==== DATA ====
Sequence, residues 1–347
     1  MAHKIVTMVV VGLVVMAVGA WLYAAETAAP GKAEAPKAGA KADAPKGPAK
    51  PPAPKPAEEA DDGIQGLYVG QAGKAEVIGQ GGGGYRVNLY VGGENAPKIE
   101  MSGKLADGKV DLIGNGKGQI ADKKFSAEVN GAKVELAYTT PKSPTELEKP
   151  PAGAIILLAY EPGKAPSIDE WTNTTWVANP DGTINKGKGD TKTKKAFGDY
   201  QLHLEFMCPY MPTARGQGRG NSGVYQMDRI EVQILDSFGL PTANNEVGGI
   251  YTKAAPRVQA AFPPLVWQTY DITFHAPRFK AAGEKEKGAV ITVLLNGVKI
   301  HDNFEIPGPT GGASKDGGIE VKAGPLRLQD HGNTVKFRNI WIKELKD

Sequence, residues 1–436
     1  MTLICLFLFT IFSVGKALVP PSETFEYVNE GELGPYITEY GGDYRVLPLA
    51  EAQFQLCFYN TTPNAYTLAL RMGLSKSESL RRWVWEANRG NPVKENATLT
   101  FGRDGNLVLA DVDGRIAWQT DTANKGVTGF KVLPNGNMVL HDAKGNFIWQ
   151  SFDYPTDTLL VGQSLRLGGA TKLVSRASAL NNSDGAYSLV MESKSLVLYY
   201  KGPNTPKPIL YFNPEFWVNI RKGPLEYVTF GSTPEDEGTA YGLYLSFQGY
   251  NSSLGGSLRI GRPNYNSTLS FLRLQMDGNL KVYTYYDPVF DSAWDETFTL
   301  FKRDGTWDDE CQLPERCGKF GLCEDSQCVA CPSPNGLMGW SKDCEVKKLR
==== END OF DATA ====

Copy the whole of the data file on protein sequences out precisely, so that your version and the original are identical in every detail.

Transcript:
Sequence, residues 1–347
     1  MAHKIVTMVV VGLVVMAVGA WLYAAETAAP GKAEAPKAGA KADAPKGPAK
    51  PPAPKPAEEA DDGIQGLYVG QAGKAEVIGQ GGGGYRVNLY VGGENAPKIE
   101  MSGKLADGKV DLIGNGKGQI ADKKFSAEVN GAKVELAYTT PKSPTELEKP
   151  PAGAIILLAY EPGKAPSIDE WTNTTWVANP DGTINKGKGD TKTKKAFGDY
   201  QLHLEFMCPY MPTARGQGRG NSGVYQMDRI EVQILDSFGL PTANNEVGGI
   251  YTKAAPRVQA AFPPLVWQTY DITFHAPRFK AAGEKEKGAV ITVLLNGVKI
   301  HDNFEIPGPT GGASKDGGIE VKAGPLRLQD HGNTVKFRNI WIKELKD

Sequence, residues 1–436
     1  MTLICLFLFT IFSVGKALVP PSETFEYVNE GELGPYITEY GGDYRVLPLA
    51  EAQFQLCFYN TTPNAYTLAL RMGLSKSESL RRWVWEANRG NPVKENATLT
   101  FGRDGNLVLA DVDGRIAWQT DTANKGVTGF KVLPNGNMVL HDAKGNFIWQ
   151  SFDYPTDTLL VGQSLRLGGA TKLVSRASAL NNSDGAYSLV MESKSLVLYY
   201  KGPNTPKPIL YFNPEFWVNI RKGPLEYVTF GSTPEDEGTA YGLYLSFQGY
   251  NSSLGGSLRI GRPNYNSTLS FLRLQMDGNL KVYTYYDPVF DSAWDETFTL
   301  FKRDGTWDDE CQLPERCGKF GLCEDSQCVA CPSPNGLMGW SKDCEVKKLR